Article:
In a vast country, how do you make sure everyone has an opportunity to go as far as he or she can go in soccer?
Not an easy question. Today, a lot of the focus is on inner cities, where several organizations are working to set up futsal courts and programs.
But we can’t forget smaller towns, either. Meet Chris Kessell, a passionate advocate (and someone who doesn’t just talk about it but also gets out and does it) for West Virginians:
Every community big and small deserves the ability to dream. Every child in this country who loves the sport deserves the ability to be able to dream about their place in the sport. Continue to speak up for lost and forgotten communities in this nation and advocate for #ProRelForUSA and #ReformUSSF.
It’s tough to argue with people who are doing such good work. But this argument isn’t about the work or the intentions. It’s about the overarching solutions. Pro/rel has long been called the “third rail” of American soccer, and my attempt to reset the conversation earlier this year went nowhere.
And so, with the utmost respect for Chris’ work, I’ll suggest the following:
The English system wouldn’t give these kids much of a dream. A modified pro/rel system may help, but even if that happens, we’ll need some creative programs to reach kids like the ones Chris is describing.
By “English system,” I mean a straight up-and-down ladder. That’s what England has in its first five tiers of soccer. Only then does it start to resemble a pyramid.
We can’t reasonably ask a fourth-division team to travel cross-country. And I think most people get that. So a lot of the plans I’ve tossed out for discussion have a much wider base — a national top tier, a West and East region in tier two, then tons and tons of D3 teams.
Here’s the bottom line: We want to create opportunity.
And England demonstrates that a healthy pro system doesn’t necessarily mean every club has a thriving academy. See this post, which is generally about the “pros” of pro/rel but also gets into the English situation.
Finally, the pro-affiliated academy system can’t reach everyone. The biggest club in Cornwall appears to be Truro City, which is in the National League South — England’s sixth tier. It’s in a town of about 21,000 people, not far from other towns about that size. The closest fully professional club is Plymouth Argyle, which can be reached in 71 minutes if you live at the train station. After that, it’s Exeter, then you have to go considerably farther. If you live farther west than Truro — say, Penzance, which also has about 21,000 people — it’s longer. Morgantown (WV) is actually closer to a pro club (Pittsburgh Riverhounds), even in a country that will likely never have the saturation of pro clubs that a small, football-mad country like England has.
So let’s consider options:
- An English-style pro-rel ladder would likely put Morgantown in a sixth tier with little chance of going much higher.
- A pyramid with no relegation from the third tier (or fourth, if we suddenly get hundreds of clubs) would ensure Morgantown has a stable pro club.
- An NCAA-style system would mean Morgantown could be one of hundreds of “D1” clubs that can play for a national championship in any given year. No need to climb rung by rung. If they suddenly have a bunch of really good players, they can make a Butler-style run to the national final. (Yes, the Open Cup does sort of the same thing but not quite.)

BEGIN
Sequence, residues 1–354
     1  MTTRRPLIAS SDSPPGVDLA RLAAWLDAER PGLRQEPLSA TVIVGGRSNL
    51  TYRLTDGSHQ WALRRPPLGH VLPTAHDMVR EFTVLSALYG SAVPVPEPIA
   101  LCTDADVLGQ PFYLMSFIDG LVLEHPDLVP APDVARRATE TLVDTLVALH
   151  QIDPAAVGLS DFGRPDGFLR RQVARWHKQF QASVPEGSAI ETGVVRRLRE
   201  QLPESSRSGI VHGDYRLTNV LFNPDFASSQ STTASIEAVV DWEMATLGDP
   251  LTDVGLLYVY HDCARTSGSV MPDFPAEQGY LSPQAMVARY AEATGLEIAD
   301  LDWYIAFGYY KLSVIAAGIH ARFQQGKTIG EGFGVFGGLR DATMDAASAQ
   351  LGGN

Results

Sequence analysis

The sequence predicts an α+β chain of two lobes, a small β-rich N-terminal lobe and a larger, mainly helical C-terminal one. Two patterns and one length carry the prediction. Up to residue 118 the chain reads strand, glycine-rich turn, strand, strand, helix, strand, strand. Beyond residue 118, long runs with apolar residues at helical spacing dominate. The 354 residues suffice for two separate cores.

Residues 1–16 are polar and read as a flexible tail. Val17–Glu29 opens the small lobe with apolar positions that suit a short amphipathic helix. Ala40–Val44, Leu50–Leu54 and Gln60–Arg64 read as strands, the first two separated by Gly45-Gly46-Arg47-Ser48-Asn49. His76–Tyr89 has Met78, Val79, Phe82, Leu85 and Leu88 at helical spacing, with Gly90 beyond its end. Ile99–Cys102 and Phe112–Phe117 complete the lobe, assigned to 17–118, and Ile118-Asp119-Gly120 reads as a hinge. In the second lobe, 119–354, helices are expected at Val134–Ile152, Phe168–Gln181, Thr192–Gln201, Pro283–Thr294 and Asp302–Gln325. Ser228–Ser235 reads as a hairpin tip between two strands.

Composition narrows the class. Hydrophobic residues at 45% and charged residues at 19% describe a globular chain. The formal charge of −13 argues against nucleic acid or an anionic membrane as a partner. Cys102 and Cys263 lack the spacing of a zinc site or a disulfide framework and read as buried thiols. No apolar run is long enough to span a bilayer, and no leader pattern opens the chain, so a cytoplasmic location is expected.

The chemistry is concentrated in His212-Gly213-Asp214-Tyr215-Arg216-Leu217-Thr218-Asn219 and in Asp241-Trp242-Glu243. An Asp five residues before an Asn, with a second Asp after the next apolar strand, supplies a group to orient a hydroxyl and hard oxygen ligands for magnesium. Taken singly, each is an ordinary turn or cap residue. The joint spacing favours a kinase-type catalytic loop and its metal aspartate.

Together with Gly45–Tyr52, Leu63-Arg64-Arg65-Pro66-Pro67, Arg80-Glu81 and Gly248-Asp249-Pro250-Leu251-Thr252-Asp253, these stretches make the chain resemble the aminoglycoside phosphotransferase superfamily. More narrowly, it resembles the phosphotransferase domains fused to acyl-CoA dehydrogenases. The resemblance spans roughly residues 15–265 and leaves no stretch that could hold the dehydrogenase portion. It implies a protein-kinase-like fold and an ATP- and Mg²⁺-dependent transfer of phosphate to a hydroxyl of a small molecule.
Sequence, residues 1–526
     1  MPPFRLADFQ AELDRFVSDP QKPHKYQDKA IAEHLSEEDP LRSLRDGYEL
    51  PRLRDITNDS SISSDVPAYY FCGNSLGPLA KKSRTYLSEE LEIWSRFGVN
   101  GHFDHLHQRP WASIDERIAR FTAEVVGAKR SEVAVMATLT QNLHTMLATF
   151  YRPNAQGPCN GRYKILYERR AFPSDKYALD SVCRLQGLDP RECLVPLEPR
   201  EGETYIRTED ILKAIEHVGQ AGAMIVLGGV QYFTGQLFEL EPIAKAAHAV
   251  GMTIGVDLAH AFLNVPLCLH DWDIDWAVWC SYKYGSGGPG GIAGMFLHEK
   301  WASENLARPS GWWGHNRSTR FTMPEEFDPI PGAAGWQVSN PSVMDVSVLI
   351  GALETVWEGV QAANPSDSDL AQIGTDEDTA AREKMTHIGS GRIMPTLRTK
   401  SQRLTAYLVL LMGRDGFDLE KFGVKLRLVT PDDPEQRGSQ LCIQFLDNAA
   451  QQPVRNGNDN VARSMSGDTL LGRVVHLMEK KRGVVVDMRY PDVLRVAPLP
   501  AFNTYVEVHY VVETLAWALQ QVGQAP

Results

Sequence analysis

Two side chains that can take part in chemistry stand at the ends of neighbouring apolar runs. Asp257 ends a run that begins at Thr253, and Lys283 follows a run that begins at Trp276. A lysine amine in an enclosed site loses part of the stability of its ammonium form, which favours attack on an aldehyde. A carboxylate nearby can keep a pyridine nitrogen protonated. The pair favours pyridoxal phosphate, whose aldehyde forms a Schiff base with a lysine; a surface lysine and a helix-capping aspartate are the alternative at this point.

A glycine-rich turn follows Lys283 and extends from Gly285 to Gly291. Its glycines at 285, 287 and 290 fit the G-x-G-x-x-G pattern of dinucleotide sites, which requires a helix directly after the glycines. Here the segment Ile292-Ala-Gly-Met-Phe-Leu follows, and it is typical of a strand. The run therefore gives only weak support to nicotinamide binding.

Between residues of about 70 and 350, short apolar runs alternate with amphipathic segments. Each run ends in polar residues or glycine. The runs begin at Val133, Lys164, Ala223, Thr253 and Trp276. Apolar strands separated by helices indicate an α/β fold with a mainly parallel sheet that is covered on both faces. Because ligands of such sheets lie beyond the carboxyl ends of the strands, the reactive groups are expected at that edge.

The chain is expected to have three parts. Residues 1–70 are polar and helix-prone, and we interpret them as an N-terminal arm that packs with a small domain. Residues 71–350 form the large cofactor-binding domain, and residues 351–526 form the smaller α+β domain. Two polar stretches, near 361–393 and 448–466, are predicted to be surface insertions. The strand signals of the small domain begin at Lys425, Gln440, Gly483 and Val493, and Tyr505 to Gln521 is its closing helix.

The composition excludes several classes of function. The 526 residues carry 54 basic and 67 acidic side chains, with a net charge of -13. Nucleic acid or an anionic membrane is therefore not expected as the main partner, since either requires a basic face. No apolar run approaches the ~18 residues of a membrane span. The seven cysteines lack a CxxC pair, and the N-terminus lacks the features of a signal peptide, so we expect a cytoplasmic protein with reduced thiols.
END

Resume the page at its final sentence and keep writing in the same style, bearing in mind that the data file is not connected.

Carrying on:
- German-style training centers in every metro area with a traffic light would be great. Germany realized its clubs can’t find and develop everyone, so the federation does more. The USA has a few programs along these lines — traditional ODP, U.S. Club Soccer ID programs, mobile training centers — but we could surely do more.
- High schools. Consider this: The greatest college football player ever, Herschel Walker, came from a town in Georgia that had about 2,500 people at the time. The county had less than 9,000 people. Stretch out over two counties in the “Dublin Micropolitan Statistical Area,” and you might get to 50,000. Herschel was discovered 15 years before anyone knew what the Internet was.
So you can see why I’m skeptical when someone says kids can dream if only they had pro/rel. I’m not saying and I certainly hope I’ve never even implied that I don’t care about kids having that dream. Quite the opposite. I keep coming up with ideas. People keep ignoring them and telling me I’m ignorant.
Yet this is a topic I’ve been tackling in a lot of detail since I left USA TODAY in 2010. I didn’t discuss it much at USA TODAY — I doubt my editors would’ve been interested in a story on it, and I was busy covering soccer along with MMA, Olympic sports, high school sports, poker, horse racing, etc., etc. USA TODAY hasn’t had a full-time soccer writer since Peter Brewington in 2001. (Great, great guy.) They’ve been lucky to have a few people who sneak in some soccer content — not long after I left, former George Mason player Mike Foss came in and revamped their blog, making sure it had plenty of soccer.
Meanwhile, at other news organizations, you’re not going to see much talk about pro/rel. It’s not because people are told not to talk about it. It’s because the idea just isn’t gaining a lot of traction. People talk and talk — see the Chattanooga summit. And yet the UPSL, NPSL, PDL, USL and NISA are all doing their own thing. The UPSL brags about having pro/rel in certain areas — just like most other amateur leagues.
And the idea isn’t gaining a lot of traction because we can’t talk about it without egos and emotion getting in the way.
What can we do to change that?